The World Bank Group plays a key role in the global effort to end extreme poverty and boost shared prosperity. The World Bank Group consists of five institutions: the World Bank, including the International Bank for Reconstruction and Development (IBRD) and the International Development Association (IDA); the International Finance Corporation (IFC); the Multilateral Investment Guarantee Agency (MIGA); and the International Centre for Settlement of Investment Disputes (ICSID).
Working together in more than 100 countries, these institutions provide financing, advice, and other solutions that enable countries to address the most urgent challenges of development.
Maximizing Finance for Development (MFD) is the World Bank Group’s approach to systematically leverage all sources of finance, expertise, and solutions to support developing countries’ sustainable growth. In embracing the Sustainable Development Goals, countries’ resource needs surpass their own budgets and available donor funding. Meeting the SDGs demands that we find solutions to crowd in all possible sources of finance, innovation, and expertise to meet this challenge.
The WBG institutions—IBRD, IDA, IFC, and MIGA—work in concert to help countries transform sectors to reduce poverty and inequality and support growth. We do this by improving the enabling environment, developing regulatory conditions, building capacity, putting in place standards, financing a first mover or innovator, and reducing risks.
Why now? Developing countries have raised their ambitions for sustainable and inclusive growth. By adopting the SDGs in late 2015, they committed to a better life for their poorest citizens and joined together in tackling climate change and other global concerns. But countries know that their goals transcend what traditional financing models, heavily focused on aid, can accomplish. They need new ways of accessing finance, especially from the private sector.
Who is driving this shift? This is a global effort among countries, international organizations, and financial institutions. While the development goals set for 2030 call for funding on a much larger scale, there is also considerable capital, concentrated in the private sector of wealthier countries that could play a larger role. In July 2017, the G20 finance ministers approved a set of principles that give the World Bank Group and other multilateral development banks a framework for increasing private investment to support countries’ development objectives.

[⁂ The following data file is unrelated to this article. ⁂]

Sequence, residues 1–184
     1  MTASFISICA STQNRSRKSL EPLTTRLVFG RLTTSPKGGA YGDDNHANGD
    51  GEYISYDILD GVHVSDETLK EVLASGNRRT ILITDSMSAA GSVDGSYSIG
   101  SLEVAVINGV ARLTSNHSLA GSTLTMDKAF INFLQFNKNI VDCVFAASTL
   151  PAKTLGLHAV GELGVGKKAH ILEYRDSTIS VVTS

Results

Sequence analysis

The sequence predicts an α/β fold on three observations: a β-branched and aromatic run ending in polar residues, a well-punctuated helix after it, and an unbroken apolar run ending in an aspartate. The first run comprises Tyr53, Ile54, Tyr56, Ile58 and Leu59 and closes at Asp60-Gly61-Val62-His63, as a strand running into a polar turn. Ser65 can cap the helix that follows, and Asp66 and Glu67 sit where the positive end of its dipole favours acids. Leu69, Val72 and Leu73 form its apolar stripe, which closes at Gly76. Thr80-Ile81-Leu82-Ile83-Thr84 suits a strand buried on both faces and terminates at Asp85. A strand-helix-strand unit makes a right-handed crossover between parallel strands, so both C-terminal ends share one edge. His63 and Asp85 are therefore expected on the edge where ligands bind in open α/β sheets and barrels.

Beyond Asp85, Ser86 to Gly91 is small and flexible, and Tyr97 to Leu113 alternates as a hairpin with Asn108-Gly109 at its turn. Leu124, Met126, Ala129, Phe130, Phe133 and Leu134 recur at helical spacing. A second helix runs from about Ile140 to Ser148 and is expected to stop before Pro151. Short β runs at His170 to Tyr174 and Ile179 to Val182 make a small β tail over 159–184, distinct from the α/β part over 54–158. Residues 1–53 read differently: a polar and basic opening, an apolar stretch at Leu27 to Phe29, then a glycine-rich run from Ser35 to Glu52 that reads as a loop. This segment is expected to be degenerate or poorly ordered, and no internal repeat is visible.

What is changing? For multilateral development banks (MDBs), this means a much more coordinated approach to the public and private sides of development. At the World Bank Group, we have strong experience in both areas but need to connect it much more closely. With our support for policy and regulatory reforms, private finance can become an option for countries that have not been able to access it because they lack the right institutions or markets. At the same time, our instruments can help address risks for investors.
How does it work? Whenever a project is presented, we consider a spectrum of solutions, private as well as public. We will work to help clients tap a variety of financing opportunities, incorporate global lessons and good practices, and address equity and affordability for consumers. The nine member countries are piloting the new approach more systematically, and we will report our lessons from them.
How will this make a difference? If we equip countries to attract and manage private solutions, we help level the playing field for the poorest. Working with partners, the World Bank Group can help low- and middle-income countries expand their range of options for financing efforts to sustainably grow their economies, reduce poverty, and expand opportunity. While every country has unique needs, we can help each find the right mix of public and private funding to meet their objectives.